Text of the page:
He’s larger-than-life, a global icon, the embodiment of the Christmas spirit, a man on a mission for good. And he goes by Santa Claus, and the name Larry Propp. At Park Meadows, the two monikers are one and the same.
Propp has been the primary Santa at the shopping destination since 2011. His jolly personification has become so instrumental to the season that Park Meadows designed some of its current “traditional Santa set” around Propp’s characterization—something that hundreds of Santas nationwide aren’t surprised to hear. When Propp isn’t busy being Lone Tree’s beloved Saint Nick, he’s recruiting, training and representing strictly vetted Santas through his Sterling-based talent agency, Propp’er Way Association Santa Agency. Although this is his busiest time of year, the big man in red made time to talk Santa training, naughty and nice lists and more.
What is the best part about being Santa Claus?
“My favorite age group has always been children from three to eight, and the older children over the age of 80, otherwise known as grandmas! I also enjoy reconnecting with those families who come to see me year after year. For the last eight years that’s been at Park Meadows and, before that, five years in Concord, New Hampshire.”
You work hard to ensure as many kids meet Santa as possible. Tell us about that.
“As Santa I’ll tell you we have more elves and reindeer at the North Pole than there are stars in the sky, so they help a lot. From the business side, the Santa Agency has more Santas than there are days in the year. We train them, create their bios and resumés and work closely with the two largest Santa photography contracting agencies to place them in malls all over the country.”
What makes a great Santa?
“First, he must be a real-bearded Santa and have a good head of hair—we do bleach a lot of Santas, including me, so the beard and hair is white. He must have a jokester-type personality and be someone who can play and talk with children, and do it in a loving way. He should have a jolly, robust image, a fairly deep voice, be an easy talker and must be neat and clean. And he needs to be eager to play Santa: If he’s in it for the money, I’m not going hire him. Finally, he must be in good health. Being Santa is hard work!”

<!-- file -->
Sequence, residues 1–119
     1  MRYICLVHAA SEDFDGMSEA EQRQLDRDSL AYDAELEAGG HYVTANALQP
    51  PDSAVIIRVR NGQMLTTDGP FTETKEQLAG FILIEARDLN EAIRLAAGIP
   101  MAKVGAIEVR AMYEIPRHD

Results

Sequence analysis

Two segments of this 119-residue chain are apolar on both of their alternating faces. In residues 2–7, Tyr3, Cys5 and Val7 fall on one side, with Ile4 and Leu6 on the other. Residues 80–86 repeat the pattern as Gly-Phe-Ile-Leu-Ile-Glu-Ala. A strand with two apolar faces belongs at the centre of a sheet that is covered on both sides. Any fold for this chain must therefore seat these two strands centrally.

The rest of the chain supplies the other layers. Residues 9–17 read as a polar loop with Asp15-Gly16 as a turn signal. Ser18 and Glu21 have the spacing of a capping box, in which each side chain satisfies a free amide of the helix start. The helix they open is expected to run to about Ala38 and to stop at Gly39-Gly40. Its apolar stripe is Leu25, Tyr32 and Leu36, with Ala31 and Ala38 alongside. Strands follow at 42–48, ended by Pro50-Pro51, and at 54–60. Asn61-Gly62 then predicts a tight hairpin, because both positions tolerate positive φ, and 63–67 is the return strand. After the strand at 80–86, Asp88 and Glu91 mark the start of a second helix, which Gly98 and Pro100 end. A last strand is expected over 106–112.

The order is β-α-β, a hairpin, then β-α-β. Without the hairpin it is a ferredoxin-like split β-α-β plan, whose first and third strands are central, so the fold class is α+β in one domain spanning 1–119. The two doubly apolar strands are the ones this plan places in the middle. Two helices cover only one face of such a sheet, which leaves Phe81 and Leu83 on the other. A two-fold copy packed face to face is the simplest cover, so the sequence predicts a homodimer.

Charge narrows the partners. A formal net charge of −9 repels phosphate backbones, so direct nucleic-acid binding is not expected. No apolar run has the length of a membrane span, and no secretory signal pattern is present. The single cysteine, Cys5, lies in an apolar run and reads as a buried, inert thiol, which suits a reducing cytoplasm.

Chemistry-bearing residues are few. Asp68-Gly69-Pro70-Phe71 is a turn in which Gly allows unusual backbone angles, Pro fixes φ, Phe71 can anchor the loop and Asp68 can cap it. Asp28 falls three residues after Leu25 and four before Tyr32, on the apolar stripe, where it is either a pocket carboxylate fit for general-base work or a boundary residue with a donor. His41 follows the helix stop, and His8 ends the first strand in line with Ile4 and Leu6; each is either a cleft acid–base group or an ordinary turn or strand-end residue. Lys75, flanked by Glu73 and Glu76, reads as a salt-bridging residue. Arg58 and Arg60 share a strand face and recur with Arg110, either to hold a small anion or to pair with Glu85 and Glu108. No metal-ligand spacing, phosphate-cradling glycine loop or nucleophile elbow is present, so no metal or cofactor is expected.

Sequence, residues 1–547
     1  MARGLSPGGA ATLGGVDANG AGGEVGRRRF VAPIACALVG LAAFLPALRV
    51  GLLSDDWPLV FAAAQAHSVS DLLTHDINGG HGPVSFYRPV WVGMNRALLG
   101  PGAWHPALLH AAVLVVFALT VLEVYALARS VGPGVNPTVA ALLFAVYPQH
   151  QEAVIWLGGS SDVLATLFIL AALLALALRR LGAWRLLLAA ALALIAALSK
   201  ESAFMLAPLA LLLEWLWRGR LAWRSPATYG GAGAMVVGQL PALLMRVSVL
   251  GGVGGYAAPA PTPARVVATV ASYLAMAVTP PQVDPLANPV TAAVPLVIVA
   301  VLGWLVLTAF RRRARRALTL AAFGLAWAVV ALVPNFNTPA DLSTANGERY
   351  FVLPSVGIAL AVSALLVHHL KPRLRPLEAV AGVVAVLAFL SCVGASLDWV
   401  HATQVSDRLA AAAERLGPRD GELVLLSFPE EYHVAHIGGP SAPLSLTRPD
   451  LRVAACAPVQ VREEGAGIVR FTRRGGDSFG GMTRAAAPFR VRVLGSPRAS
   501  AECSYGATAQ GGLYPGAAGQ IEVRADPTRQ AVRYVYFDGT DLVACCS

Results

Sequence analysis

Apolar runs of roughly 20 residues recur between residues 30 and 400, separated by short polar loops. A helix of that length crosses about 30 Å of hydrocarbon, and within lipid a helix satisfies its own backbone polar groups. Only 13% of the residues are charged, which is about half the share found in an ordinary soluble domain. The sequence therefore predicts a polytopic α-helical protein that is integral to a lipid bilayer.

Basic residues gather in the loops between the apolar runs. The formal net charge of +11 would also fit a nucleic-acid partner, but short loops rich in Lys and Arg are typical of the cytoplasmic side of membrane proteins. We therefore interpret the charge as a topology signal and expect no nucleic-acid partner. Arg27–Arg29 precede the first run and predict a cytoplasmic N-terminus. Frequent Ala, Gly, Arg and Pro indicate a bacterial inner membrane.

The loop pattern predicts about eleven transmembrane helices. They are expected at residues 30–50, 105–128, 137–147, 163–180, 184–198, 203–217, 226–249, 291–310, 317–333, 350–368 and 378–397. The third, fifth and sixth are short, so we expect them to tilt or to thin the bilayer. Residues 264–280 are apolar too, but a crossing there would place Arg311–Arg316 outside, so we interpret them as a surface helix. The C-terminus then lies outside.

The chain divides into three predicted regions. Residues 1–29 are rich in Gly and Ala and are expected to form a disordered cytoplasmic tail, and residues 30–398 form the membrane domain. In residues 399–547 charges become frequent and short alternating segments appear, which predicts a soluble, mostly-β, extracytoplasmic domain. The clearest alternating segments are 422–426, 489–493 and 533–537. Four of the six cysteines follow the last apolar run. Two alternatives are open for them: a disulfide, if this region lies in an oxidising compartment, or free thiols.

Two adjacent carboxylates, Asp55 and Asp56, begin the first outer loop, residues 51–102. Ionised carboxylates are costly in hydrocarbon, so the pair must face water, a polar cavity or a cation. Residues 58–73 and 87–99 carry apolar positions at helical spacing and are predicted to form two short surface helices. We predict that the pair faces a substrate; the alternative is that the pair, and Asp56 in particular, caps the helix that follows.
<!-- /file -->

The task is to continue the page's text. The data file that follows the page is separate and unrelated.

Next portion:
Where else will people find you besides Park Meadows?
“This year, I have some private events and also a ‘hot cocoa with Santa’ through some Denver churches for communities in need. Another special event is held at Park Meadows for autistic children.”
Where does Santa take a vacation?
“In spring, I’ll be taking one of those European river cruises.”
Do kids ever ask about your naughty and nice lists? Are they nervous to hear your answer?
“I hear that all the time. I use a little spinner with an arrow that points to naughty or nice. I spin it and it always stops on nice. The kids are very relieved.”
What do you tell kids who want everything on their list?
“Today, kids show up with lists printed out, on their phones or even bring a whole catalog! I go through it with them and then ask which one gift they really, really want.”
Santa always gets unusual gift requests, like a child asking for Hanukkah candles. Here are a few others Propp has heard.
Gas pump: “So his parents don’t argue about paying to fill up the car.”
Egg incubator: “To raise quail and pheasants for hunting.”
Toothpick: “I never figured that one out.”
Worms: “He wanted bait to go fishing.”
But the most gratifying request for Propp is when he’s asked to be part of a marriage proposal, which happens at least once a year. The significant other makes arrangements with one of Santa’s helpers in advance, who then slips the engagement ring to Santa. Then Santa takes over and gently cajoles the couple into talking about their future plans. The arranger drops on one knee, Santa produces the ring and its tears and cheers all around.